Pieter Wispelwey's Bach

By Brian McCreath


Cellist Pieter Wispelwey is one of the most fascinating interpreters on the concert stage today. His curiosity and commitment to communicate through music comes through in any music (his 2009 recording of Sir William Walton's Cello Concerto is one that I found to be especially compelling.) But as with so many musicians, J.S. Bach's music seems to bring out an especially soulful, personal approach.

I met with Pieter Wispelwey when he visited Boston in 2012, and in spite of the troubles caused by Hurricane Sandy during that weekend, we persevered and managed to keep our appointment for a conversation about his recording of Bach's Cello Suites. It was worth the effort, to say the least.

Pieter Wispelwey's approach to these works has been forged over many, many years of living with them and even recording them twice before. But, in a reflection of that curiosity that makes his interpretations to magnetic, he "went back to the drawing board" for this most recent recording.

He decided to use a period instrument and bow, a decision that already has numerous implications. Beyond that, though, he also made the decision to tune that instrument to A=392. (The note A above middle C, in other words, vibrates 392 times per second, in contrast to the 440 times per second that most orchestras tune to today.) By tuning to that low pitch, the cello takes on several characteristics unfamiliar to our modern ears, and the results are fascinating.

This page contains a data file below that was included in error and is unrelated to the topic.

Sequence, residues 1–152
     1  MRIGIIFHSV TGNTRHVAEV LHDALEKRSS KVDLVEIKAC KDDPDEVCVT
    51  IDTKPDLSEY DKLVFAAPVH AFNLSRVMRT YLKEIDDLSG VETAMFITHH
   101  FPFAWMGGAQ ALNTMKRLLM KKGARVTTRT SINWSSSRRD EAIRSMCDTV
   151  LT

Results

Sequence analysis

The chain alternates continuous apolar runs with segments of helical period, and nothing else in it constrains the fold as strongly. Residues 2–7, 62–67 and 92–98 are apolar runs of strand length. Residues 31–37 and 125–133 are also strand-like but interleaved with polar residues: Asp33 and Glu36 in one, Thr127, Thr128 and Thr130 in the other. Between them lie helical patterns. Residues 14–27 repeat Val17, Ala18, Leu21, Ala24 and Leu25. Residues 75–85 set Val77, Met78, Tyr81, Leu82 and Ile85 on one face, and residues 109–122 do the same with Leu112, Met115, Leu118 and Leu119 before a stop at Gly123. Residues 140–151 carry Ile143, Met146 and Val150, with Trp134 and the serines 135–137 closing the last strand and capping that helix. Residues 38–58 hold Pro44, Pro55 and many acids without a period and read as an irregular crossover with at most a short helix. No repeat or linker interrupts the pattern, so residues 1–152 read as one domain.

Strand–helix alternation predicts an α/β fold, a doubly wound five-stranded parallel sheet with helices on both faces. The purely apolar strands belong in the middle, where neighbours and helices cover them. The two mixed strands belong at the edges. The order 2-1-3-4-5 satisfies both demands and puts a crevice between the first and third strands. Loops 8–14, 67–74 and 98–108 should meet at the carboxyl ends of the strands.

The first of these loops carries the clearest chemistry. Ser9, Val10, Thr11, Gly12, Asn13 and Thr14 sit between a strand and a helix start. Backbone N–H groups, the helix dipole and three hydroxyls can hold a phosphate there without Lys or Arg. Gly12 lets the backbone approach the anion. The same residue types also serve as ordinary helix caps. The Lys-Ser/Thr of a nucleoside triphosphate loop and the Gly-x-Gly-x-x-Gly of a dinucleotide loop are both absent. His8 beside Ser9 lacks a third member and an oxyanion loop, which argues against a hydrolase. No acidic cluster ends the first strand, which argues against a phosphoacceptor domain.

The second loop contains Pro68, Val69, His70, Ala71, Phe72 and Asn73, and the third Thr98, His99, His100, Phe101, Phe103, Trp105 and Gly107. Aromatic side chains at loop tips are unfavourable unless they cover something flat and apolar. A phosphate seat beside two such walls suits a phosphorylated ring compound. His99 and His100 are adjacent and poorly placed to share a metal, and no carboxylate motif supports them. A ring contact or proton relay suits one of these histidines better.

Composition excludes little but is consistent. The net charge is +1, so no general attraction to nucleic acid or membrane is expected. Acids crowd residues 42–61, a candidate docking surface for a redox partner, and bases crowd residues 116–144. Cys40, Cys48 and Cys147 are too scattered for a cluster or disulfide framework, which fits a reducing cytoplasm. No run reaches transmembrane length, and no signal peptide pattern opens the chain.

Another decision Wispelwey made was to invite two Bach scholars to consult with him in the process of performing and recording all six suites. John Butt and Lawrence Dreyfus are two of the most brilliant Bach scholars of our day, and they clearly offered several compelling thoughts to Pieter Wispelwey through the process.

This recording comes in a box with the six suites on two CDs, with a third disc devoted to a video documentary of the project. You can watch and hear the conversation and commentary of Dreyfus, Butt, and Wispelwey, along with some of the performances that took place during the recording.

A preview of the documentary is above, and click on "Listen" at the top of this page to hear the first of several episodes of The Bach Hour that will feature my conversation with Pieter Wispelwey.




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